Q & A with Vivian

  1. What three skills does a great moderator need?

    First, listening skills. I really believe the best moderators listen more than they talk. I think of myself as a tool to open up your customers and get them talking about what you want or need to learn.

    Second, focus. This is important in two ways. While we develop a guide to outline the flow of the discussion, we rarely refer directly to it or use it as a script. The moderator needs to internalize the conversation flow to such a degree he or she can put the guide aside and focus wholly on the conversation before them. But a moderator also needs to focus on what individual respondents are saying, in order to refer back to a specific comment later in the conversation when it makes more sense to do so.

    Third, flexibility, both in the group and in the backroom. As I said, the guide is not a script, and a great moderator knows this and is comfortable moving with the conversation as it naturally flows, as long as it remains relevant to the objective. And being flexible with clients in the backroom is key as well, because project needs and ideas evolve.

  2. How did a background in literature prepare you for a life in qualitative research?

    In a broad sense, the study of literature is the study of humanity. It is about exploring the lives of others -- other people, in other times, in other lands, through the written word. So the student of literature is, at her very core, curious about people. That's the first and perhaps obvious connection.

    But there is a practical connection as well, and that has to do with the analytic process. Simply put, literary analysis involves exploring a set of qualitative information (the text), identifying themes and patterns, and making sense of what we've found. This is also what we do in qualitative research.  As it turned out, my time in the humanities prepared me well for a life as a moderator, analyst, and consultant.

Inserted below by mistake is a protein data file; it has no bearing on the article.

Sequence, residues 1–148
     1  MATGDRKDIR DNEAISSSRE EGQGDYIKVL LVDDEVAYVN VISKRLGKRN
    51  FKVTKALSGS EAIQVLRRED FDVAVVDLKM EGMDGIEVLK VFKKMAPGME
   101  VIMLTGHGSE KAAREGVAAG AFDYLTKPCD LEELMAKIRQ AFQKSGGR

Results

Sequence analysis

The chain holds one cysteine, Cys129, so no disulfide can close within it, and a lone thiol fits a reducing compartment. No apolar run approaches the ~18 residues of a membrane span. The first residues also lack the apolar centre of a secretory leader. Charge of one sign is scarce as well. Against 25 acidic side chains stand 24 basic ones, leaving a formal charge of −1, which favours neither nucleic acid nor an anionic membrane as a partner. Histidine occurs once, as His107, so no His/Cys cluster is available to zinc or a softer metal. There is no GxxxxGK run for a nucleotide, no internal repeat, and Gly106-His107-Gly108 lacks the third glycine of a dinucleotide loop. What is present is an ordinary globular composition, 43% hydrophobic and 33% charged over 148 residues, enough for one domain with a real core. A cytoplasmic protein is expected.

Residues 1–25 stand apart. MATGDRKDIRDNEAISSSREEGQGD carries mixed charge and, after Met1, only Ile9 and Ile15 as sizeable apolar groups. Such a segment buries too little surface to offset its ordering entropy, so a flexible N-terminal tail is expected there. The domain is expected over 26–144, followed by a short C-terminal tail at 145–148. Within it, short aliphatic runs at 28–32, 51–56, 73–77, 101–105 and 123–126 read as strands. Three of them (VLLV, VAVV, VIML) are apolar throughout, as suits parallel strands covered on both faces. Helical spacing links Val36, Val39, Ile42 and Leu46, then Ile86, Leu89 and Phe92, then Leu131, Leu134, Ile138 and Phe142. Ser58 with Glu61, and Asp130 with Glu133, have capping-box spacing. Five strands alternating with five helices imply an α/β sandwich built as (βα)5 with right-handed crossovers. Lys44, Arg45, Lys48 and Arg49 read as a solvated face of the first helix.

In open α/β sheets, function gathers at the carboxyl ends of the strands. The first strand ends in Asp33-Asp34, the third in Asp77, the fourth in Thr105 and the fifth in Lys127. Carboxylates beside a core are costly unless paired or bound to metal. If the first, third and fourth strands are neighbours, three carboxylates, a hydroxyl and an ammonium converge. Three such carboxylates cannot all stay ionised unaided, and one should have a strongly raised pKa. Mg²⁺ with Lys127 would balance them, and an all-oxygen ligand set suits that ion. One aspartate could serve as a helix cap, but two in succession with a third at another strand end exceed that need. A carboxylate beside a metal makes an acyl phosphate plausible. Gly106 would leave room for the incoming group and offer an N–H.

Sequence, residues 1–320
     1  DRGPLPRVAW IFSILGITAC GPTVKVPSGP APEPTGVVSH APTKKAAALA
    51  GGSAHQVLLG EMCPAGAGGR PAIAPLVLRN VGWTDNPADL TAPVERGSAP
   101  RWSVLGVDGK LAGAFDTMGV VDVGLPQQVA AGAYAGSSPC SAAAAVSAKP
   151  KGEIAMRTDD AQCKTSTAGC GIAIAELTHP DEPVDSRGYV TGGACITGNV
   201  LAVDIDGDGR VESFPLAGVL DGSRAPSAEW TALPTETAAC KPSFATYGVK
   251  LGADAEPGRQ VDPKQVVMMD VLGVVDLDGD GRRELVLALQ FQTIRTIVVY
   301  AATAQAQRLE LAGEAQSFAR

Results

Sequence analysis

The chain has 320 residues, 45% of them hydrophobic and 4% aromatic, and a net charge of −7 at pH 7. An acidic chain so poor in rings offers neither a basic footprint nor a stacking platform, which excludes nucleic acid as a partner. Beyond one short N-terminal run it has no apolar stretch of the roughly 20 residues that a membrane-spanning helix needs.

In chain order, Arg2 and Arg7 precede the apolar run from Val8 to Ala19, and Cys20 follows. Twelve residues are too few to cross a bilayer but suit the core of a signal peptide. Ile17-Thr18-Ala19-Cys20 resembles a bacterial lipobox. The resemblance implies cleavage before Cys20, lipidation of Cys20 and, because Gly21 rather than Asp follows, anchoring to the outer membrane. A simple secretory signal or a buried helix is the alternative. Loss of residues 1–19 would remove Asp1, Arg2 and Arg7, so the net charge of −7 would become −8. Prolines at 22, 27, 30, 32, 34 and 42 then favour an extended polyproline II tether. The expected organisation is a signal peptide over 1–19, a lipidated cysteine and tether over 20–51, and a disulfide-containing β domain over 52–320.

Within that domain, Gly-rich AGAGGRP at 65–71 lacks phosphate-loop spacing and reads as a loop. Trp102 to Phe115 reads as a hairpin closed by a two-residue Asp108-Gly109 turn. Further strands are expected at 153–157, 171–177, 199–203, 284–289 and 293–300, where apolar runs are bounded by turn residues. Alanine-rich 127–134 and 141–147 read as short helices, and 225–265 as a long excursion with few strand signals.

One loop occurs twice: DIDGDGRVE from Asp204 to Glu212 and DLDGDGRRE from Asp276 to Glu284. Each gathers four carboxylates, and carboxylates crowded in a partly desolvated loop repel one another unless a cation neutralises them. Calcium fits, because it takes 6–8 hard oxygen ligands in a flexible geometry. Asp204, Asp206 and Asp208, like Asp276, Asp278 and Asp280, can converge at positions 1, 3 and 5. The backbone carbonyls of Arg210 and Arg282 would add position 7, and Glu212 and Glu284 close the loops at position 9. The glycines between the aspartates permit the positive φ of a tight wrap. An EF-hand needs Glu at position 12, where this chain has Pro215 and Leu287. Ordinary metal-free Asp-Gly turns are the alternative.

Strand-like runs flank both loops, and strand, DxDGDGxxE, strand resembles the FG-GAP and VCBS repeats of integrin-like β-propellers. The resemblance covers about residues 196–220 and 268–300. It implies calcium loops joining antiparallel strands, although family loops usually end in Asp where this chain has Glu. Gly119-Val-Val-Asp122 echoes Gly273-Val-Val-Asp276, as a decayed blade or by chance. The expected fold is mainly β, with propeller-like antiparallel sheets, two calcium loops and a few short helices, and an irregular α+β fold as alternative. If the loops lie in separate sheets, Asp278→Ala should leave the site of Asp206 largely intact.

3. What three words describe your life in Portland, Maine?

    Although we've lived in Maine for more than 20 years, we're very new to Portland, so I'm sure this perspective will change over time, but for now, here are my words:

    Coffee. Breezes. Otto.

    (If you're not local, that last one is the best pizza in town; try the roasted pineapple, bacon, and red pepper flake! You won't be sorry.)

Behind The Owl

On the day I left my last job in February 2008, I drove home through the snow thinking about this new business I was about to begin. As I passed under telephone wire, I noticed a barred owl perched there—a bit strange, as owls are not a typical sighting, especially on a snowy afternoon. But there he was—solitary, strong, braving the cold and snow to stake his ground. As I launched VMHQ, this owl became a personal but private totem, a lucky charm.

It's a fitting symbol for a moderator and researcher, as owls have very keen listening skills.

Privately, I also love that much of the owl’s hunting success lies in its ability to be stealthy, to slip through the night observing but unnoticed. Unlike some moderators who like to perform for their clients (peacocks, maybe), I prefer to create an environment where I slip into the background and bring the focus to the respondents. So whether I’m embarking on the first interview of the day or analyzing research late at night, solo, I remember that owl.